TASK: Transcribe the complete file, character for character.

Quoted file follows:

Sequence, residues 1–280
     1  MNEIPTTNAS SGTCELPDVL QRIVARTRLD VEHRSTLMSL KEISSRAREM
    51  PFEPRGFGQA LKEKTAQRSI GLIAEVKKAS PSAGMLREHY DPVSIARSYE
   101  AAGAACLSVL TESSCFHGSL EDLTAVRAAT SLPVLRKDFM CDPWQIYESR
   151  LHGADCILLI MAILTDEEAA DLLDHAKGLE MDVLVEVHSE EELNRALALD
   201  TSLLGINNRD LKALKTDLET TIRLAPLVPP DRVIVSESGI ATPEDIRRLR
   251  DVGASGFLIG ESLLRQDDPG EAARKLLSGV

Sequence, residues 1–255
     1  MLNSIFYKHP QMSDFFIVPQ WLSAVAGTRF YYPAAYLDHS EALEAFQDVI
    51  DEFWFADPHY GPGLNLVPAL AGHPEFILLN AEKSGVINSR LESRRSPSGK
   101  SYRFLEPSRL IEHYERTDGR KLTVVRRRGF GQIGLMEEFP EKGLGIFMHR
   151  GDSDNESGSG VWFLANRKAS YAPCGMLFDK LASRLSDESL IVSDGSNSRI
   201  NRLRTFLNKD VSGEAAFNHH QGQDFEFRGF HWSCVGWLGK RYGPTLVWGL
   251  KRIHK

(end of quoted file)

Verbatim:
Sequence, residues 1–280
     1  MNEIPTTNAS SGTCELPDVL QRIVARTRLD VEHRSTLMSL KEISSRAREM
    51  PFEPRGFGQA LKEKTAQRSI GLIAEVKKAS PSAGMLREHY DPVSIARSYE
   101  AAGAACLSVL TESSCFHGSL EDLTAVRAAT SLPVLRKDFM CDPWQIYESR
   151  LHGADCILLI MAILTDEEAA DLLDHAKGLE MDVLVEVHSE EELNRALALD
   201  TSLLGINNRD LKALKTDLET TIRLAPLVPP DRVIVSESGI ATPEDIRRLR
   251  DVGASGFLIG ESLLRQDDPG EAARKLLSGV

Sequence, residues 1–255
     1  MLNSIFYKHP QMSDFFIVPQ WLSAVAGTRF YYPAAYLDHS EALEAFQDVI
    51  DEFWFADPHY GPGLNLVPAL AGHPEFILLN AEKSGVINSR LESRRSPSGK
   101  SYRFLEPSRL IEHYERTDGR KLTVVRRRGF GQIGLMEEFP EKGLGIFMHR
   151  GDSDNESGSG VWFLANRKAS YAPCGMLFDK LASRLSDESL IVSDGSNSRI
   201  NRLRTFLNKD VSGEAAFNHH QGQDFEFRGF HWSCVGWLGK RYGPTLVWGL
   251  KRIHK